Friday, November 27, 2009

The Reading List: "Jane Eyre"

Jane Eyre is not properly speaking even on the Reading List, but I was told that it would help with The Eyre Affair, which is, and besides it seemed like it was time to get this important and influential novel under my belt. I read a Random House printing from 1943, a pleasantly bulky and solid volume with two columns of text per page and moody, occasionally trippy full-page woodcut illustrations by Fritz Eichenberg.

It is a well-crafted and entertaining novel, and I daresay it must have seemed at the time like a quantum leap forward in pleasure reading. Its greatest strength is in the development of its title character, who is the book's narrator and protagonist. She is a solumn but quirky heroine, not a little uptight but also bracingly intelligent, diligent, and sassy. I suspect that Jane Eyre was also, by the standards of the day, an unusually independent and liberated female character. The use of the first person is intimate and beautifully pulled off; Brontë crafts a character-narrator who writes about herself in a way perfectly consistant with her reported thoughts and actions, and this adds a great deal of depth and verisimilitude to the book.

[mild spoilers from here on out]

Brontë also keeps us wondering how her story is going to end. Even having seen countless allusions to Jane Eyre over the course of my reading life, even knowing that I would eventually encounter the famous sentence "Reader, I married him," I was still left guessing until very close to the final page which way things would fall and who would be the lucky groom. Importantly, I found myself caring a great deal how the book would end, which is always a sign that the author has done well.

There is, to be sure, quite a bit about Jane Eyre that seems a little corny today. Who knows, maybe it seemed a little corny at the time as well. There's a Great Big Coincidence, there's an Unexpected Revelation Involving Money, and there's a little cosmic magic towards the end that makes the eyes roll a bit. But eh, that's the Nineteenth Century for you. (To be specific, it's the middle Nineteenth Century; part of the historical interest of the book is its portrayal, from a vantage a decade or so later, of the profound isolation possible in the last years before rail travel radically shrank the world, and of the epic journeys still undertaken then to traverse just a few dozen miles.)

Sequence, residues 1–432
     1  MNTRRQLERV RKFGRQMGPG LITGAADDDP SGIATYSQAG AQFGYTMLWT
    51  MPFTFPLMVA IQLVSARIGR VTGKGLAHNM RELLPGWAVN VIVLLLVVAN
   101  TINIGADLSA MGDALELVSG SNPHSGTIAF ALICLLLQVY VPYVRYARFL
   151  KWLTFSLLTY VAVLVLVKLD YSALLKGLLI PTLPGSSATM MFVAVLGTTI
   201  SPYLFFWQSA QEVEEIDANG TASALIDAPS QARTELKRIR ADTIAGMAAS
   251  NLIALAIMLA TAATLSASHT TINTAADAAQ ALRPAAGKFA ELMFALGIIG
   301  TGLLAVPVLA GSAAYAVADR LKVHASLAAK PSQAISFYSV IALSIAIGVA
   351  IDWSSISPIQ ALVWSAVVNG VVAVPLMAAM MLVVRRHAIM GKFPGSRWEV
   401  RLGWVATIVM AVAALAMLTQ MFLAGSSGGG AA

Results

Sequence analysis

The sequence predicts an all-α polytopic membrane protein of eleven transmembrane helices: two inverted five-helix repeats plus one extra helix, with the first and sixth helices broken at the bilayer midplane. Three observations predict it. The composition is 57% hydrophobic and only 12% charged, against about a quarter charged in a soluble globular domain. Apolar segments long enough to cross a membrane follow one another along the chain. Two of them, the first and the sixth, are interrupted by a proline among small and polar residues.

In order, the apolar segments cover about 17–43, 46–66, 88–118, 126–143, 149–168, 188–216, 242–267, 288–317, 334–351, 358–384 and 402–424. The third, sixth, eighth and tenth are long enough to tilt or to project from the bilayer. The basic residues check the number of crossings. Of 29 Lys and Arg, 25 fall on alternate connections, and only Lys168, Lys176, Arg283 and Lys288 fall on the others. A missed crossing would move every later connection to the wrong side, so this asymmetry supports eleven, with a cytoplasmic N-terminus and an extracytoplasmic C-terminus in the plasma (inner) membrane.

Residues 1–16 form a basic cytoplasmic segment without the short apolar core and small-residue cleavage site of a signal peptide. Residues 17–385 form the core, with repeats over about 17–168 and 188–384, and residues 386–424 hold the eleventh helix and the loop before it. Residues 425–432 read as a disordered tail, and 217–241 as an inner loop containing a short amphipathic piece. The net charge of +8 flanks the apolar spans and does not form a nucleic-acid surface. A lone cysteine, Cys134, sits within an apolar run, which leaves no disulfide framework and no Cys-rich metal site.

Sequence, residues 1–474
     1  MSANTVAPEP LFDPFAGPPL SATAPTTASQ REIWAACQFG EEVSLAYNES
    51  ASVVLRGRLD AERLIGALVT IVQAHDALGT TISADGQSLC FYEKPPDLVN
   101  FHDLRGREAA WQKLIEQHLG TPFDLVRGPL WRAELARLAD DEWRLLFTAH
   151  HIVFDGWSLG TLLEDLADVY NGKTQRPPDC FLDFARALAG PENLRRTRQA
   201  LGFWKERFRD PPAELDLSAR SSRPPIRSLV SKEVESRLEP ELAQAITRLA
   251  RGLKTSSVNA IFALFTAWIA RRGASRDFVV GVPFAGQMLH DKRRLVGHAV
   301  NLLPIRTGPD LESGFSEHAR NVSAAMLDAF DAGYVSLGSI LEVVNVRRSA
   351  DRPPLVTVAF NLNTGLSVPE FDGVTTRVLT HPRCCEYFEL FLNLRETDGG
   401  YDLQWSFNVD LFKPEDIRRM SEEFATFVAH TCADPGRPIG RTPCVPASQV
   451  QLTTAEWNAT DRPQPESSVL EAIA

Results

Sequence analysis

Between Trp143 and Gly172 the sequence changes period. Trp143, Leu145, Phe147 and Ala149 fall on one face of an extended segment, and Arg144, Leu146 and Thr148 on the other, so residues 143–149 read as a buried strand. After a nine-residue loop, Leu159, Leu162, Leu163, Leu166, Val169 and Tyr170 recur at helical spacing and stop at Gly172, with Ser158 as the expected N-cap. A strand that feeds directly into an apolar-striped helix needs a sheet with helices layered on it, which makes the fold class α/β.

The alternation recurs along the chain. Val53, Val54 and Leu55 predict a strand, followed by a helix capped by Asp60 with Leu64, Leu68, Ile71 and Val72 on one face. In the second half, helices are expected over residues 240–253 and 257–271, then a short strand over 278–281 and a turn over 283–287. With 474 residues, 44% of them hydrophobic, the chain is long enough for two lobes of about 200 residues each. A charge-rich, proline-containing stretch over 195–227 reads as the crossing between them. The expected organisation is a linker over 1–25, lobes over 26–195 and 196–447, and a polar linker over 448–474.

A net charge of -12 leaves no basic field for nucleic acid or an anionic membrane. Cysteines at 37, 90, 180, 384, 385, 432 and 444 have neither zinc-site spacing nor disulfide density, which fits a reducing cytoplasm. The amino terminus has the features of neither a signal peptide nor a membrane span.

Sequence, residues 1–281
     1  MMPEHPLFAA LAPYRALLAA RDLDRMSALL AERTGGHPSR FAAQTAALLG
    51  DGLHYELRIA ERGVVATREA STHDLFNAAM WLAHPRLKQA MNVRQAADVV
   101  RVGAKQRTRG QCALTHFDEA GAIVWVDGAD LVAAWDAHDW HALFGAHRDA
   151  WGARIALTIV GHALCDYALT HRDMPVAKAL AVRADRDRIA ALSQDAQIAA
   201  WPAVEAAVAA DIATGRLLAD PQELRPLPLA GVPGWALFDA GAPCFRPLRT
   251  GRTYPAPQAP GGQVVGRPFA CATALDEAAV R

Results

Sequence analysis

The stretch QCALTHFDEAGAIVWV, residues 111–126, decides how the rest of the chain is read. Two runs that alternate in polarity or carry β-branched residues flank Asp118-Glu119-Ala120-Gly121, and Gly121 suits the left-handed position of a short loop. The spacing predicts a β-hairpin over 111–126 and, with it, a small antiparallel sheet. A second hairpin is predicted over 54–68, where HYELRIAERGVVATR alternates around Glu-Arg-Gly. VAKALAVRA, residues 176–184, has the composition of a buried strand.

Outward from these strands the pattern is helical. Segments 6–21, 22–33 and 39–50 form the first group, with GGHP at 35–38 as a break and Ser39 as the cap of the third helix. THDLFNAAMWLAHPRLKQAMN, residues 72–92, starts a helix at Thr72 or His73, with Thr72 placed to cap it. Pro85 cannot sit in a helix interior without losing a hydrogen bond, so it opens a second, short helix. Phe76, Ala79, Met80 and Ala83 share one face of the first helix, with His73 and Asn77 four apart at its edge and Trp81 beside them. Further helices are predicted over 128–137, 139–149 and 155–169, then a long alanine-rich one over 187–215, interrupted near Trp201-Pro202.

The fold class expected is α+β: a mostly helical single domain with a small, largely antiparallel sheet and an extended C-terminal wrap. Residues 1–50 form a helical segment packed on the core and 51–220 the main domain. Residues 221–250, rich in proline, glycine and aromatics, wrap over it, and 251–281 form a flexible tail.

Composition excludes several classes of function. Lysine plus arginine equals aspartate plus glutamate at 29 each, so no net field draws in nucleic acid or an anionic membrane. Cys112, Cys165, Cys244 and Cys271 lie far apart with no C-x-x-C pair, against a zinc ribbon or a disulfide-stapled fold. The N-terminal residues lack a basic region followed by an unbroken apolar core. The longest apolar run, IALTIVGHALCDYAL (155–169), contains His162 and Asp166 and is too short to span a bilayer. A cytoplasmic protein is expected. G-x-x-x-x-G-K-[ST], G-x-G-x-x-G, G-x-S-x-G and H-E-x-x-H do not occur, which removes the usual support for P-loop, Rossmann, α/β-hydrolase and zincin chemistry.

Too, I found the overall structure of the novel slightly inelegant. It is constructed in four episodes -- four distinct times and places in the title character's life -- and an coda. The first two episodes (early childhood and schooling) are brief and tightly constructed to the point of seeming almost chopped off, ending just as they are reaching their stride. The third episode (Mr. Rochester's house), on the other hand, sprawls out in extended slo-mo, gleefully hanging on to its Big Secret for as long as humanly possible. Generally I don't feel a enormous need for perfect order and balance, but something about this assymetry -- or rather, the irregular pacing that produced it -- bugged me a bit.

But on the whole, Reader, I liked this book. I liked Jane and her uncanny understanding of the psychology of courtship. I liked the big, brash, sharp-witted Mr. Rochester, with all his many faults and flaws. I liked being called "Reader." I liked the musty smell of old book wafting up from a classic novel, too. Wrapped in a quilt on autumn evenings, making my way through this vintage volume, I felt like Charlotte Brontë was right to call me "Reader." I'd earned the title.

Plot: Plucky girl escapes abusive foster home to attend abusive school for orphans. Arriving at adulthood, she meets Mr. Right*, but is troubled by the magnitude of his asterisk. Then she meets Mr. OK, who is nice enough until she does him a big favor, at which point he turns into a world-class knob. Eventually she marries somebody.


Yankee in England said...

This has nothing to do with Jane Erye or the Reading List but last night I had a dream about your blog.

I dreamed it was monday morning and I got on your blog to read it and you were having the Monday quiz and explaining all the great new prizes and I was really pissed because I thought it was suppose to be the Wednesday quiz and I was not ready. Not that it really matters you can't be ready for one of your quizzes. But there you have it the Life and Times of M5K dream.